Facelift and Chin Lipo 9 days ago, concerned about wound behind ear not healing, how should I clean it? (photos)
Doctor Answers 15
Hyperbaric oxygen will help the area behind your ear heal. There are many clinics in California that offer this treatment at a reasonable rate. While most hyperbaric physicians will recommend two atmospheres, many patients cannot stand the pressure on their ears and sinuses. In that event, as little as 1.2 atmospheres will help you heal. We use hyperbaric oxygen for many of our facelifts post op, and have 20 years of experience referring to hyperbaric physicians. Always see a board certified facial plastic surgeon.
Healing after facelift
it appears that you are having some delayed healing behind the ear. This is uncommon, but can happen. Local wound care should result in uneventful healing. Be sure to see your surgeon to rule out any infection and instructions on wound care. Generally keeping the area clean and then moist with a petroleum jelly like substance will help this heal quickly. Again, your surgeon should be the one whose instructions you follow.
Infection behind ear
You need to schedule an appointment to get into to see your surgeon about this. You appear to have a bit of skin necrosis. With proper care, it should heal without incident.
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Skin necrosis behind the ear after facelift
Dear young4life, the photos suggest there is some skin necrosis behind the ear, which is why it is not healing as well as the rest of the incision. It is best to contact your surgeon and ask for his/ her advice on wound management. The majority of these type of wounds heal without further surgery. Good luck!
Facelift Incision Wound Care
Dear young4life, Your surgeon should clean this incision and instruct you on post operative wound care taking into consideration any health issues you may have including allergies. I would follow his/her instructions and also ask your surgeon about hyperbaric oxygen treatments which would be very beneficial as well as possible Vitamin C IV infusions to help stave of infection and boost your immune system. Best regards, Michael V. Elam, M.D.
Post facelift wound care
Thanks for sharing. On occasion in this area the skin can break down. This is usually due to smoking. The skin here is the most sensitive because the blood carrying oxygen has the longest way to travel to this area to nourish it. It is important to follow proper wound care and it should heal well. Daily cleaning with soap and water and antibiotic ointment multiple times a day is the most important to apply in my opinion. Once the skin has healed over then a silicone scar gel may help any resultant scarring. Again speak with your surgeon.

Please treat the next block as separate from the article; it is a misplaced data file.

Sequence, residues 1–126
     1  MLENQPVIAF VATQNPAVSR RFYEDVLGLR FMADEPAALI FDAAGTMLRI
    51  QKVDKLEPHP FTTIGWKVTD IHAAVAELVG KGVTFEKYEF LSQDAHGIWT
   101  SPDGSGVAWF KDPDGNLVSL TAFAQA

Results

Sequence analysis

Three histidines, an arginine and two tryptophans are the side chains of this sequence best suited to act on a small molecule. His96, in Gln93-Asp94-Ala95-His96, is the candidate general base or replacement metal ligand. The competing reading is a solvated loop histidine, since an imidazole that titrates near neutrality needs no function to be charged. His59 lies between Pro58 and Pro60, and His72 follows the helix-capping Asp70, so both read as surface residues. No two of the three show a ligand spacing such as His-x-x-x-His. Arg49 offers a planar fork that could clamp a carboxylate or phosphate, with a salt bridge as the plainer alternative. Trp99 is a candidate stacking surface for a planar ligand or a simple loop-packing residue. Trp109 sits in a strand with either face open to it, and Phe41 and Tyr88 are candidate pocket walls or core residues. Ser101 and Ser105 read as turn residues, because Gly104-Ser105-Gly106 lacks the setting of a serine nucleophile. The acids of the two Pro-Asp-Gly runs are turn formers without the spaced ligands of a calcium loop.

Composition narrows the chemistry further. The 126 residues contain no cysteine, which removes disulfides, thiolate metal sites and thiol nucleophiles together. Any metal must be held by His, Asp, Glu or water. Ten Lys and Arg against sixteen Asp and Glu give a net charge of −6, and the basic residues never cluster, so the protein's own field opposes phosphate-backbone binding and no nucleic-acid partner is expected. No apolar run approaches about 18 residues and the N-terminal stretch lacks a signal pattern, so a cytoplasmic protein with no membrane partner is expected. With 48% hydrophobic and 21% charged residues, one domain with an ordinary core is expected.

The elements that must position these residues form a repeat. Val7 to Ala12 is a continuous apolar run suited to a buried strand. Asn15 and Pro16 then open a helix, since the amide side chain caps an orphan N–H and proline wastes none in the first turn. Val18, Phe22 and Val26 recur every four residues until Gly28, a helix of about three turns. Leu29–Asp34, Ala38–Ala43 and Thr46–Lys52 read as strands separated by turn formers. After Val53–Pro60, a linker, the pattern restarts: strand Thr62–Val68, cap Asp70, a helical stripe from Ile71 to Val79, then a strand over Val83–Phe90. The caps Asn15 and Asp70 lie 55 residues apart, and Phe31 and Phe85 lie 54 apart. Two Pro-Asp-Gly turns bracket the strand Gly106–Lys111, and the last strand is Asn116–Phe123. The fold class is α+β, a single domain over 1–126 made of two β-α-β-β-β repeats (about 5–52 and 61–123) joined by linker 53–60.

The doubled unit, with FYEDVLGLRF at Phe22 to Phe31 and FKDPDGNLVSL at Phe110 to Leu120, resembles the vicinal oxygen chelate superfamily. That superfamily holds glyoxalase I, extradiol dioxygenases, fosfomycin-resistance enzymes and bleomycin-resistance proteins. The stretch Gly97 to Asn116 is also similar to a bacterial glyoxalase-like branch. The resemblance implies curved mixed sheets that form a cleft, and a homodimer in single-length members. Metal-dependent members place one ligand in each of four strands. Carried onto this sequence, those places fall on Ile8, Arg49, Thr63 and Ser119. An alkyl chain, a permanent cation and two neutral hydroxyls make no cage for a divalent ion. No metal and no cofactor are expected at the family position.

If there is any necrotic tissue in the area it needs to be debrided. Treating the area with antibiotic ointment should allow the wound to contract and reepithelialize. It may take 6 weeks to heal.
Follow with your surgeon
First, its very important to have your surgeon follow this carefully. I would consider twice daily cleaning with sterile saline solution, then cover it with an antibiotic ointment such as bacitracin, and keep it covered with a dressing. If you have other underlying medical conditions such as diabetes, make sure everything is controlled. If you are a smoker, it would be important to stop immediately. With proper care and diligence, and close follow up with your surgeon, it should heal.
Slow healing postauricular wound
Thank you for sending your pictures. I would avoid hydrogen peroxide, as this will delay your healing. Typically, using soap and water to debride the site and then applying a dressing, such as duoderm, will accelerate the healing in the area. Follow with your PS often so he/she can watch for signs of infection. Best of luck!
Thank you for sending images. It does appear that your would has not fully healed and this is not uncommon behind the ear for the first several weeks after a facelift. With time, this typically heals without sequela. At this point I do not usually use peroxide (which can slow down healing, but prevent infection) unless I am concerned about infection which does not appear to be present. I would consider adding an antibiotic ointment such as Bacitracin or just lubricating ointment such as Vaseline.
My recommendation would be to keep in close contact with your surgeon and run any recommendations you find here or elsewhere online by your surgeon to get their ok.
These answers are for educational purposes and should not be relied upon as a substitute for medical advice you may receive from your physician. If you have a medical emergency, please call 911. These answers do not constitute or initiate a patient/doctor relationship.